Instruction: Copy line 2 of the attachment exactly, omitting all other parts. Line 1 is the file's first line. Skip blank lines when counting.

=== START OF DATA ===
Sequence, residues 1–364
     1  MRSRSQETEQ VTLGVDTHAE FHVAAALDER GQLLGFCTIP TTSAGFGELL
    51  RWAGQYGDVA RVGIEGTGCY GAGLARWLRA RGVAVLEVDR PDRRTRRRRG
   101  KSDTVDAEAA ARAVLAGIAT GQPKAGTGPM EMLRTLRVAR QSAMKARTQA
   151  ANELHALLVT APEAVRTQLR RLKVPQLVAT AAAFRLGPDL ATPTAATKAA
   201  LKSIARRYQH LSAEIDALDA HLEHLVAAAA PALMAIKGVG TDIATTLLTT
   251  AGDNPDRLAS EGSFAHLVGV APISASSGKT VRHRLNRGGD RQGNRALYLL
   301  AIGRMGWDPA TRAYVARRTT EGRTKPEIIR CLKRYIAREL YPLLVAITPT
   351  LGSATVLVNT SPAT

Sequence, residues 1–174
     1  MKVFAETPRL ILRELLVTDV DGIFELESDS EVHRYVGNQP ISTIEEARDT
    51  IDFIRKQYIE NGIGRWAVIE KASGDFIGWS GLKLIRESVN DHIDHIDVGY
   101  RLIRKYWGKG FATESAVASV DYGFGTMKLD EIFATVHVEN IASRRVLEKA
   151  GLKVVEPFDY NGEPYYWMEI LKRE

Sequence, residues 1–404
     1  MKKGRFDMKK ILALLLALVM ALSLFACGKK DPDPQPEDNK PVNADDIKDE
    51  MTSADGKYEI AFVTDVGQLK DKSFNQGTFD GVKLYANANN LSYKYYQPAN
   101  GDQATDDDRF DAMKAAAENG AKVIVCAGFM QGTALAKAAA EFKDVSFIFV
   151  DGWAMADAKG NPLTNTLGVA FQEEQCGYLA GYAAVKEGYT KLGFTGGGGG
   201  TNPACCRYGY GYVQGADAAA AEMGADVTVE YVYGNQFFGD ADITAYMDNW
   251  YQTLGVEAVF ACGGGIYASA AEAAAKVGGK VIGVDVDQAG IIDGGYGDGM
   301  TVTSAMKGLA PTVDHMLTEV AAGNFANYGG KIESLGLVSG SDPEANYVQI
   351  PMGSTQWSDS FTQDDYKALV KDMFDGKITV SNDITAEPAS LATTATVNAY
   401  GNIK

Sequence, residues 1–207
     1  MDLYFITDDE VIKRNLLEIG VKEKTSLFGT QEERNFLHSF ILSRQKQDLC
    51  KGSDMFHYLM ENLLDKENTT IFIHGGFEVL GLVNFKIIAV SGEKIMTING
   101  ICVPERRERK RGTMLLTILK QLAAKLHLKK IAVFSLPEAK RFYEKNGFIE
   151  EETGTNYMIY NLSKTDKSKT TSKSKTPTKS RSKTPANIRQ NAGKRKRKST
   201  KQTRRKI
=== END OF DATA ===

     1  MRSRSQETEQ VTLGVDTHAE FHVAAALDER GQLLGFCTIP TTSAGFGELL